Australia’s Senate has voted to repeal the country’s carbon tax. Prime Minister Tony Abbott has said that he will seek to replace the carbon tax with an AUS$2.55-billion taxpayer-funded plan that will pay industries to reduce emissions and employ clean energy.
Bangladesh’s government has approved the country’s first coal-fired power plant, which will be a 1200-MW ultra-supercritical station that will receive support from the Japan International Cooperation Agency.
Wu Xinxiong, president of the China National Energy Administration, provided insight into the planning of the 13th Five-Year Plan as it relates to coal use in China. The percentage of coal used for power generation will be increased, while coal consumption intensity and emissions will be reduced. For instance, efficiency improvements will be required so that coal consumption for a new power station and any existing plant larger than 600 MW must be less than 300 gsce/kWh within five years.
Japan’s Ministry of Economy, Trade, and Industry has cut tariffs for solar power by one fifth in the two years since an ambitious plan began to ramp up solar production. Lower-than-projected solar installations—only 13% of approved projects have been installed and are operating—may pave the way for restarting more nuclear stations.
Japan recently announced that it will be increasing financial support to coal-fired power plants being built in other countries. The increased funding is aimed at ensuring that newly built plants will be able to operate with higher efficiencies and have the latest clean coal technologies applied than what might be possible without support.
The European Commission recently confirmed that funding for the €300-million White Rose CCS project in Yorkshire will be provided through the NER300 program.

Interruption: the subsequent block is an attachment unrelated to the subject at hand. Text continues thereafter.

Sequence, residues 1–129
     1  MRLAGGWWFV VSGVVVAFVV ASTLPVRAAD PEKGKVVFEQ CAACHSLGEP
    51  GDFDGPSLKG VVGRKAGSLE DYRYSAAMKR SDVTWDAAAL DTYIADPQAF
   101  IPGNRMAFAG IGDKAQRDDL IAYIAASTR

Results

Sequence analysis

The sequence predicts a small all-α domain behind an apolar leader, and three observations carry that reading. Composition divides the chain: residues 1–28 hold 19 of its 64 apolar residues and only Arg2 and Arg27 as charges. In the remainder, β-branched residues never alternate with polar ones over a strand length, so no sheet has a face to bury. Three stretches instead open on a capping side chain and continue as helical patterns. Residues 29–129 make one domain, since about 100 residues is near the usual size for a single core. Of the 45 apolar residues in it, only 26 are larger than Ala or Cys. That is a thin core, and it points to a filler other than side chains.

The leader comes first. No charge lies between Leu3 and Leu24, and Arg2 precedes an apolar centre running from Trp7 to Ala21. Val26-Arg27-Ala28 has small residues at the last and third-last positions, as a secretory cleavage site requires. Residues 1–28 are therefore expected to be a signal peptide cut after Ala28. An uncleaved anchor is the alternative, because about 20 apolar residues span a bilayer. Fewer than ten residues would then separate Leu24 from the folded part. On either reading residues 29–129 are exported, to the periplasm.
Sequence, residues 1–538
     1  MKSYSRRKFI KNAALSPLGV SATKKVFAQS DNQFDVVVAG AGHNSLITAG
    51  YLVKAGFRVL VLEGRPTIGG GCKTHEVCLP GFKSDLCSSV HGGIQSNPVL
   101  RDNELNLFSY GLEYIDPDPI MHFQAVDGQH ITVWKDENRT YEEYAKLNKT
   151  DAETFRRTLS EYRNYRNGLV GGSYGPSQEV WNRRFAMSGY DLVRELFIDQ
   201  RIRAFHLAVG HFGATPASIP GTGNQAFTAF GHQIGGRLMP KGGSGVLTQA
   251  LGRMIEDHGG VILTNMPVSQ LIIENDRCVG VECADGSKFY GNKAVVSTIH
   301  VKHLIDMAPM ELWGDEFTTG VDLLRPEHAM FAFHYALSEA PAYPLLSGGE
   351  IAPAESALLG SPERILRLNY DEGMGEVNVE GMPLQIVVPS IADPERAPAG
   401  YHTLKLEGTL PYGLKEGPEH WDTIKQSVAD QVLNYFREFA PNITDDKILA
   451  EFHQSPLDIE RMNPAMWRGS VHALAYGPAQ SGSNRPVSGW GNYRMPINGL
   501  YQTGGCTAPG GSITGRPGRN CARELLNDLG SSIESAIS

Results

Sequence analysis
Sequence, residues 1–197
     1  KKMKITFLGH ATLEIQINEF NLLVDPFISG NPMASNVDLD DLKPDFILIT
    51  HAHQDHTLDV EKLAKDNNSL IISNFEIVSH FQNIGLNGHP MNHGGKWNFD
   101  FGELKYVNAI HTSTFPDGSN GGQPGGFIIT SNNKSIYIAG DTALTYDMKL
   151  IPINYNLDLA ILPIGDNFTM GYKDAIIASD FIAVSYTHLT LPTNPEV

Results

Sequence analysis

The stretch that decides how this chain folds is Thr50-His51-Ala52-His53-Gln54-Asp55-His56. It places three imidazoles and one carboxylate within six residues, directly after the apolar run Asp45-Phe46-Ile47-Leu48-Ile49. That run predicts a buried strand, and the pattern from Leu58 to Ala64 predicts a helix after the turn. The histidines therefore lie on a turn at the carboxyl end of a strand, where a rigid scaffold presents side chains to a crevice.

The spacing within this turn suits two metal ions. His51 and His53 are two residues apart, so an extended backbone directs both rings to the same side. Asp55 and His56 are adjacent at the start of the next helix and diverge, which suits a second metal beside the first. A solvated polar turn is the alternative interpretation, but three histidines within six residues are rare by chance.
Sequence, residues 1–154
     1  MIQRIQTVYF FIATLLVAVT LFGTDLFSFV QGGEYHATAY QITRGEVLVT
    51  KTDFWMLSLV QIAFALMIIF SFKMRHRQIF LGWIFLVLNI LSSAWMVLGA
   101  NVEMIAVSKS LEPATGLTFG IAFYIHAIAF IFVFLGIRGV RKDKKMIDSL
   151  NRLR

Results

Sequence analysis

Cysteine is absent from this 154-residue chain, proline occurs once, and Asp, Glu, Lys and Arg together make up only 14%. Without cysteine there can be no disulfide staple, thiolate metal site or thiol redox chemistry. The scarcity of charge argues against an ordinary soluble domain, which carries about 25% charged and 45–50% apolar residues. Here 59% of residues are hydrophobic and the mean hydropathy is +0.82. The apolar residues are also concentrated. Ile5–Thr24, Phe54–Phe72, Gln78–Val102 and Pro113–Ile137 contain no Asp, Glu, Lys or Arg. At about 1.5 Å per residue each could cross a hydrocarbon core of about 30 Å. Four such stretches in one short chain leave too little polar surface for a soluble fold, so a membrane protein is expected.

The combined-cycle unit at Mississippi Power’s Kemper IGCC plant was successfully placed into commercial operation in August. The next milestone will be the heat up of the lignite-fueled gasifier; commercial operation using the gasifier is scheduled to begin in the second quarter of 2015.
The U.S. EPA has approved permits for the FutureGen clean coal project to store CO2 underground, representing an important milestone for the project.
The U.S. Department of Energy announced that construction has begun on the commercial-scale Petra Nova CCUS project, sited in Texas. Once operational, the 240-MW project will capture 90% of the CO2 from an existing coal-fired power plant and use the CO2 for enhanced oil recovery.
The U.S. Department of Energy, Office of Fossil Energy has requested support from China’s National Energy Administration to increase collaboration on the Texas Clean Energy Project (TCEP). The Export-Import Bank of China has already agreed to provide some financing for the project while the Huanqiu Contracting and Engineering Corporation, a subsidiary of the China National Petroleum Corporation, will provide engineering services. In addition, it has been proposed that the TCEP be a counter-facing project for the Huaneng GreenGen Phase 2 Project. Under the proposal the two projects would share non-proprietary information for the benefit of both projects. In addition, under the proposed collaboration Huaneng will provide assistance to TCEP during commissioning.